A Notable Northamptonshire Engineer:
The life and work of Professor Sir Alec Skempton

Judith Niechcial

14th October 2006

St Andrew's Hospital, Billing Road, Northampton

In 2004, Imperial College, London University named the Civil Engineering building after Professor Skempton. The College and the Institute of Civil Engineers also hosted a large international conference in London in his memory. Although he reached great eminence in the field of Soil Mechanics, he was a Northampton boy born and bred.

His grandfather, Samuel Skempton, was Secretary of the Northampton Building Society, and was active in the building and setting up of Mount Pleasant Baptist Church, where he was a deacon for no less than 60 years. His father, also called Alec, played with the Northampton Rugby Football Club, and was a leather merchant with Hamisch and Co until his early death from the after-effects of mustard gas from the trenches of Passchendaele. Skem, as everyone called him, took on the values of hard work and perseverance instilled in him at Northampton Grammar School, particularly by a strict Maths master, which stood him in good stead all his life enabling him to achieve such a great deal. He kept in close touch with an aunt who lived in Abingdon Avenue until the 1980s.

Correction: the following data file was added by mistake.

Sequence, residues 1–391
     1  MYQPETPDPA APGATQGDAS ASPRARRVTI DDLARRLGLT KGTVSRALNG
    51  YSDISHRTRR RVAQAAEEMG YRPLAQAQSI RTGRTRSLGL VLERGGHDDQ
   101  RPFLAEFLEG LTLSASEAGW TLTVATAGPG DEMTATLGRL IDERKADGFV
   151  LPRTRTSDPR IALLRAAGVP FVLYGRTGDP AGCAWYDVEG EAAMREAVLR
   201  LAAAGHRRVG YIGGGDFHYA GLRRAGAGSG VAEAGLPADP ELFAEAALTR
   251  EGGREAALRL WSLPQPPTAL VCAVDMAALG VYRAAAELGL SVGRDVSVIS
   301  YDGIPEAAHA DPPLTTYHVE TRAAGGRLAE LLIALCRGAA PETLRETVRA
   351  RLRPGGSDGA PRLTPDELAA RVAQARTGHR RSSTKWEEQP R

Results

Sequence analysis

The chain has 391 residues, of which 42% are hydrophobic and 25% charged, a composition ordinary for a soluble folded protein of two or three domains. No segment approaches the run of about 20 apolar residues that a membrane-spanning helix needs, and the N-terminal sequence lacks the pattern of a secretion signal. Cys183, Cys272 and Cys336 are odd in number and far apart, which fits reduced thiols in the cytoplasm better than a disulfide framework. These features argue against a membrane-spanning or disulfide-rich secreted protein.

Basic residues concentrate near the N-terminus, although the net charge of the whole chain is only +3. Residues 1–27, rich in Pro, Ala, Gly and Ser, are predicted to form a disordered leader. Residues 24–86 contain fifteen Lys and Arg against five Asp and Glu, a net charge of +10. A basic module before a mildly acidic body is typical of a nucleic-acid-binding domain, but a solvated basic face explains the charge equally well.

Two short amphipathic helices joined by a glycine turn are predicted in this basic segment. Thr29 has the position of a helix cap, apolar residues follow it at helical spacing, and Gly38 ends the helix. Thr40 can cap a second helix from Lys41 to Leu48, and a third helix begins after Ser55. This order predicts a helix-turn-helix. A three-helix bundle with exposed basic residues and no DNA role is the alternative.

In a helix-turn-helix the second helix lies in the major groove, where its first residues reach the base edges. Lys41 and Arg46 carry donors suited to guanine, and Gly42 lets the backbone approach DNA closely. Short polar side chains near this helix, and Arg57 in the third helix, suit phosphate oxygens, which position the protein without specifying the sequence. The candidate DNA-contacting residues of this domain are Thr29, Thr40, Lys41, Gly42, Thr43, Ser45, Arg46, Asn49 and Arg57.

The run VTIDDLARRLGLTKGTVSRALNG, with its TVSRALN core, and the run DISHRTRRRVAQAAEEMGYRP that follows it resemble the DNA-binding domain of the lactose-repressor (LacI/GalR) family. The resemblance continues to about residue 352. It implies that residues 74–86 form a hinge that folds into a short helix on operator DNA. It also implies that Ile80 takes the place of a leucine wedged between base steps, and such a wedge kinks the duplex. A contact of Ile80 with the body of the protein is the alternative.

Much of his work is technical, concerning the properties of clay, the effects of pressure on foundations and so on, but he also was involved in major works such as the construction of reservoirs in the Lea Valley supplying water to London, and the huge Mangla dam in Pakistan. He was also a pioneer in the study of the history of engineering, writing and editing books on John Smeaton and William Jessop, amongst others.

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